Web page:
On August 8, President Donald Trump signed a series of executive orders concerning the ongoing COVID-19 pandemic. His orders came amid intense gridlock between Democrats and Republicans in Congress, and one aspect of the orders addressed a particularly tough sticking point for both parties: federal unemployment benefits.
While Democratic lawmakers fought to preserve the weekly $600 federal unemployment payments, Republicans sought to reduce the payments to $200. President Trump’s order essentially struck a middle ground—landing on $400 payments—but there’s a bit more to it than that.
Here’s what you need to know about the latest developments in unemployment payments.
What is Trump’s $400 Plan for Unemployment?
At its core, President Trump’s unemployment order redirects money from the Department of Homeland Security’s Disaster Relief Fund. That makes it fundamentally different than the previous $600 payments, which were authorized by a Congress spending bill.
Congress can decide to spend more money, while the president is largely limited to the money allocated to the Executive branch by Congress (this is known as the “power of the purse”). Since the president can’t create new spending, his order instead allows for the redirection of up to $44 billion from the Disaster Relief Fund for making these unemployment payments.
It’s also worth noting that, like the original $600 payments, these disbursements are in addition to whatever an unemployed person was already receiving from the state unemployment program. States don’t automatically receive these funds from the president’s executive order, they must apply for them. The deadline for governors to apply for this unemployment program—known as Lost Wages Assistance—is September 10.
However, there’s a big caveat with the president’s $400 plan. While the executive order authorizes $400 in extra unemployment payments every week, only $300 of that money comes from the federal government. Therefore, it may be more accurate to say that the president’s executive order authorized $300 federal unemployment payments.
The last $100 is supposed to come from states. The White House says states should have enough money left over from previous rounds of COVD-related economic stimulus to cover those extra $100 payments. If a state doesn’t have sufficient funding to add $100 to unemployment benefits, then it only has to continue to offer the standard unemployment assistance that the state’s program provides. In other words, if your state can’t afford to kick in 25% of the extra costs, the extra $400 unemployment becomes an extra $300 payment instead.
Unemployment Update Aug. 18, 2020
The first application approvals started coming in over the weekend. On August 15, FEMA (which manages the Disaster Relief Fund) announced that Arizona, Iowa, Louisiana, and New Mexico were approved to receive the $300 per week unemployment payments. On August 16, a follow-up FEMA announcement added Colorado, Missouri, and Utah to the list of states that have been approved for the Lost Wages Assistance grants.
We’ve also seen states flatly refuse unemployment funding. South Dakota Governor Kristi Noem issued a statement on August 14 that said “South Dakota is in the fortunate position of not needing to accept it.” On August 18, an Associated Press survey reported that Mississippi’s Governor Tate Reeves also refused to apply for the program. Reeves called the program too expensive.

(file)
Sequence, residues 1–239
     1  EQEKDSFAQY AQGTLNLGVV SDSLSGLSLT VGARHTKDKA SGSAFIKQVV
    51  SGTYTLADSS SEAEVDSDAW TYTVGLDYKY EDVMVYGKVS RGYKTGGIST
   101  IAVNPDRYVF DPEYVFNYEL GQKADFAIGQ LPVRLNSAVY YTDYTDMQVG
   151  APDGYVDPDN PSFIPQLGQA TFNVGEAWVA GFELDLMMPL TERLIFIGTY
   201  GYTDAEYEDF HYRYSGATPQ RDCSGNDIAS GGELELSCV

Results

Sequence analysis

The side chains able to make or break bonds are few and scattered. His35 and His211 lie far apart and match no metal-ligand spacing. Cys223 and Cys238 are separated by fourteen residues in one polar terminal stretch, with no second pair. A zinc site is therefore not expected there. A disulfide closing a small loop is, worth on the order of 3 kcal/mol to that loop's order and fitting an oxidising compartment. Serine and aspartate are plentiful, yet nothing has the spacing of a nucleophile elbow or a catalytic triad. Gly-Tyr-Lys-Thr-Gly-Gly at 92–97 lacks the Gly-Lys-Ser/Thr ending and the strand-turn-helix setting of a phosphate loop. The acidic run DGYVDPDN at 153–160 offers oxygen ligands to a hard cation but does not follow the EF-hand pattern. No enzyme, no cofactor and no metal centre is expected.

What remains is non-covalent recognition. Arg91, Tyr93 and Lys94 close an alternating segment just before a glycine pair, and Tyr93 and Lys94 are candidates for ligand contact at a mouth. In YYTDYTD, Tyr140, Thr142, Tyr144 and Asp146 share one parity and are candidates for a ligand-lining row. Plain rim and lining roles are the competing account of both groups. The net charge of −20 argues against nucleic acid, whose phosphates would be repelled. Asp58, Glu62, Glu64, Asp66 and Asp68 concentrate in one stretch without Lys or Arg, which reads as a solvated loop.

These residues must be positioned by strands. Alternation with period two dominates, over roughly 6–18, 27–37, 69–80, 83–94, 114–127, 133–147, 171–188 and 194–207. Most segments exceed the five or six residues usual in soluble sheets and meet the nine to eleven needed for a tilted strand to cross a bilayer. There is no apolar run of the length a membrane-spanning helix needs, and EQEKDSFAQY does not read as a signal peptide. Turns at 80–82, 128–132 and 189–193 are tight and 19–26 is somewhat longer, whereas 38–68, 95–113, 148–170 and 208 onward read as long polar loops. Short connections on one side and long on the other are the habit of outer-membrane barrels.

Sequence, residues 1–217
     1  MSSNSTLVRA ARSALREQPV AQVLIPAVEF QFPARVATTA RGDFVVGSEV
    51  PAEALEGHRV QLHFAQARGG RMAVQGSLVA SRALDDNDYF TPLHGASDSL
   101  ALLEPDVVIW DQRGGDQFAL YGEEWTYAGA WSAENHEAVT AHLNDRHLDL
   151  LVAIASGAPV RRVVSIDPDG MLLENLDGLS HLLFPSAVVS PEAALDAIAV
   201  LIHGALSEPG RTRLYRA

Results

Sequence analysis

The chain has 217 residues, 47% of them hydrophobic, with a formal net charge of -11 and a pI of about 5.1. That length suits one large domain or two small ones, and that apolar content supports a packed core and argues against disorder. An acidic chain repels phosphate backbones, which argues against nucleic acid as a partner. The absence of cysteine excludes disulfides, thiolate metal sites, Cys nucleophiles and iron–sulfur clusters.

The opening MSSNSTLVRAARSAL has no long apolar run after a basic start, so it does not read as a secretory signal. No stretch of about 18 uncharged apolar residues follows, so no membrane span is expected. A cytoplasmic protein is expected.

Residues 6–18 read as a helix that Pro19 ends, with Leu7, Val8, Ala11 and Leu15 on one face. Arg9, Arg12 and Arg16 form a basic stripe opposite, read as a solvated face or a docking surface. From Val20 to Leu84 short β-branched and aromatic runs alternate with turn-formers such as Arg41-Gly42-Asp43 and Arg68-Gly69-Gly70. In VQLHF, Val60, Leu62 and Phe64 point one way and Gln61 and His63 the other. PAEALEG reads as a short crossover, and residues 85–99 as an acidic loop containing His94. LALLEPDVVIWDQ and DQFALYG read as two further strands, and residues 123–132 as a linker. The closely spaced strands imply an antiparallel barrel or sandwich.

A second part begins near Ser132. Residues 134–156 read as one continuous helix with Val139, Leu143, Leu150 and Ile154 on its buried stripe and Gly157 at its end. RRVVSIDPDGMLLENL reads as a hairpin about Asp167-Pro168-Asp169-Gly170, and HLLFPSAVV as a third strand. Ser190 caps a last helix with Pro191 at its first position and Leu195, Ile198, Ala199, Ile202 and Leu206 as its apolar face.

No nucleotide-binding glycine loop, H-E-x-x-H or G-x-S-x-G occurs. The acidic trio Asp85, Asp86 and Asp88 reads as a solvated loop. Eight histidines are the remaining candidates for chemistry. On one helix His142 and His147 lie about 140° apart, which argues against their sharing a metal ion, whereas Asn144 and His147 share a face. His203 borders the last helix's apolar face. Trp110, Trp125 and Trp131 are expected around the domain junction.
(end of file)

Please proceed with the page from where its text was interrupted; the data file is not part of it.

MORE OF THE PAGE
It’s unclear whether any other states are considering a similar refusal of funding, but many governors have signaled a hesitancy to apply. In the immediate wake of the executive orders, several governors and state officials said they wanted to better understand the funding obligations for states before applying. The August 18 survey from the AP found that 30 states were still evaluating the program and trying to decide whether to apply. In some states, such as North Carolina, the main question is whether to simply accept the $300 federal funding or attempt to find state funds available to boost the benefits up to $400.
While some states have been approved for federal unemployment funding, it’s still somewhat unclear when payments will actually start reaching the unemployed. FEMA has said the first $400 unemployment payments could go out as soon as August 29. However, this date is based on the average amount of time it takes for a state to alter its unemployment program. After giving this estimate, FEMA added that some states may independently expedite the process, and at least one state has promised to start disbursing the funds within one week of receiving approval for the program.
Do Your Part to Smooth the Process
At this point, many aspects of unemployment benefits remain uncertain. Unless you’re a politician that has sway on a state or federal level, you probably don’t have a lot of power to help clarify any of those uncertainties. That’s cold comfort to those bearing the brunt of the COVID-induced economic crisis, but there are steps you can take now to ensure that the unemployment benefits reach you as quickly and smoothly as possible.
First, ensure that you’ve asked your state’s unemployment office to directly deposit benefits into your banking account (this process varies between states). That way, once officials figure out how much money you’re supposed to get, you won’t have to wait for a paper check to be printed and mailed out to your mailbox.
You can get your payments even sooner by signing up for a RoarMoney account, which deposits your paychecks and government benefits into your account up to two days early. Signing up takes just minutes, and you can start by downloading the MoneyLion app.